Wednesday, June 1

Summer Blockbusters

"It's rare to have a sequel be better than the original" -- that's all I heard all day yesterday upon returning to work from Memorial Day weekend.

This of course is in reference to the movie Hangover 2, the weekend premiere that set all sorts of records.

It IS unusual for a sequel to be so well received, although I have to say that I think this is the birth of more than a new movie, it's the birth of a brand. It's not like we don't know the plot concept and certainly how it's going to end, but this franchise has become a certain kind of comedic entertainment which completely seems to satisfy its audience - the mark of a great brand. And with sales skyrocketing, we are sure to see another installment from the "brand".

The other blockbuster whose marketing machine has kicked into high high gear? Cars 2. Now this sequel is a long time coming, but by looks of the tie-in with State Farm it sure won't disappoint.

Let's not forget The Bridesmaids.  Hysterical, and totally unexpected.  An early summer hit on a seemingly smaller marketing budget.  Perhaps a bit of a surprise, coming in so successfully right before the big blockbusters hit.

The most anticipated? The Green Lantern, at least from my perspective. The built in buzz and anticipation is almost guaranteeing a record opening weekend - the ultimate goal of any movie marketing plan.

I will be sure to partake on a hot summer weekend!

What's your experience? Jim.


  1. I'm really impressed with the branding that Marvel applies to their movie projects. Thor was the #1 movie two weekends in a row, in part because they marketed to the core, but also they invited new viewers to the party too. It was very engaging for women, not just fanboys.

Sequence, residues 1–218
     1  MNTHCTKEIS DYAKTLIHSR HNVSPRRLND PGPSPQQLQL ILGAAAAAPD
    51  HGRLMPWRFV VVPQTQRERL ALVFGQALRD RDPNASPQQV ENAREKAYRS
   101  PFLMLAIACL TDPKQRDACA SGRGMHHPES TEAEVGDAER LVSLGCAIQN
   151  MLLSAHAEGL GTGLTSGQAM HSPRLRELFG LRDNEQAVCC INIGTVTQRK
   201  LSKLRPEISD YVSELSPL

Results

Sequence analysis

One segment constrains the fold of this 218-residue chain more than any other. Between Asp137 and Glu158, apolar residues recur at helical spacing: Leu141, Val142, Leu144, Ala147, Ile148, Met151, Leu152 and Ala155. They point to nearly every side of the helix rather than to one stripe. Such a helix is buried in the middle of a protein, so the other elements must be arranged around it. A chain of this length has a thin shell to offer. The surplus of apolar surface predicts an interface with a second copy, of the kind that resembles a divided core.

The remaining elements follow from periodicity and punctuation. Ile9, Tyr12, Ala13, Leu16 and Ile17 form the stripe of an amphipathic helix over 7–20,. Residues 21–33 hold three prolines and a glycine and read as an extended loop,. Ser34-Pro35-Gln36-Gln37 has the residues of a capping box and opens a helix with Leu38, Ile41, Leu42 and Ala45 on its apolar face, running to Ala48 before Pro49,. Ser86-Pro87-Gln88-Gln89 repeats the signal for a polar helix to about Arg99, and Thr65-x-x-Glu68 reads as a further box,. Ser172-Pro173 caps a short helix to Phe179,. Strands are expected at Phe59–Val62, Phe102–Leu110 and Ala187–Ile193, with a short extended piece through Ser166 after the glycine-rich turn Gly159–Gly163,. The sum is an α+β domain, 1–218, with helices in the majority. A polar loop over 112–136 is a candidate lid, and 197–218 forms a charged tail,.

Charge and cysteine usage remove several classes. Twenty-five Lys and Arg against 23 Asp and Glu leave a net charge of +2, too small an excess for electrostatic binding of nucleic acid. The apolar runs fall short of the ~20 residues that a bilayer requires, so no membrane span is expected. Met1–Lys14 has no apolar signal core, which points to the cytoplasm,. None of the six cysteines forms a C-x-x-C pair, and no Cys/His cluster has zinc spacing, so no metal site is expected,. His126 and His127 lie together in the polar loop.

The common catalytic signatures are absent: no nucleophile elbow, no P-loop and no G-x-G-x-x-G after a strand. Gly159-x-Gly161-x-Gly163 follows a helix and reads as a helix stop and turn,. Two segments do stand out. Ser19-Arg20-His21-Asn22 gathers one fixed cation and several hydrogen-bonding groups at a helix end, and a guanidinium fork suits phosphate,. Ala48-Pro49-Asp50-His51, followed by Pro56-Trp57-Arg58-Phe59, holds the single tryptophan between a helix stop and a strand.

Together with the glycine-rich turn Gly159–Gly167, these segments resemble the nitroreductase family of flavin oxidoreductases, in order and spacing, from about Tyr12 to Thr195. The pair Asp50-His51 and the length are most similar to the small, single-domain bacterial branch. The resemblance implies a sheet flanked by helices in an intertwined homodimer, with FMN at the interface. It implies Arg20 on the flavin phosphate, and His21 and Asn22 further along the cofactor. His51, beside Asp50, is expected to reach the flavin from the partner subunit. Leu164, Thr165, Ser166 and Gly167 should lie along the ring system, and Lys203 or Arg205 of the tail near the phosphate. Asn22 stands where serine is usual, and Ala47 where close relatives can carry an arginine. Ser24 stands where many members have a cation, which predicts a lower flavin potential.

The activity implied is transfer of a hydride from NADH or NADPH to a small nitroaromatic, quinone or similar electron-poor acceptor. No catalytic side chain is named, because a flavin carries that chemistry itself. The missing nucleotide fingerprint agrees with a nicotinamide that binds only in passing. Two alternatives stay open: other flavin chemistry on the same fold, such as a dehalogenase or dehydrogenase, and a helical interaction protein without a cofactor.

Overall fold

I'm a little concerned that Green Lantern doesn't have that "both barrels" marketing approach.

  2. With Marvel, it's a joint effort with the partnering studio - in this case Paramount. Marvel lost out on a lot of money with the earlier films like X-Men and Spiderman 1 because they did not negotiate contracts in their favor with product licensing - by that I mean they sold away the rights to, e.g., Happy Meals, etc., as part of the film promotion. Now (or at least last I heard) Marvel retains a much bigger chunk of the consumer merchandising, which makes sense because it's their properties. But the other marketing functions are backed primarily by the partner. Also, a lot of Marvel's movie contracts were negotiated a long time ago so production and distribution has been scattered all over Hollywood at several studios. Moving forward, you'll see it all move to Disney.

  3. Movie marketing is fascinating. Can't tell you how many clients ask me to generate the same amount of quick awareness for their products as what happens with movies. It's a unique formula to that industry. Jim.

  4. One thing to note, marketing (p&a in industry terminology) can often be the cost of a mid budget movie ($50-80 mm) for big budget tent pole films. Many times it can be more than that!

  5. And if you think about it, the spending is concentrated in a short window which if annualized would be HUGE! Jim.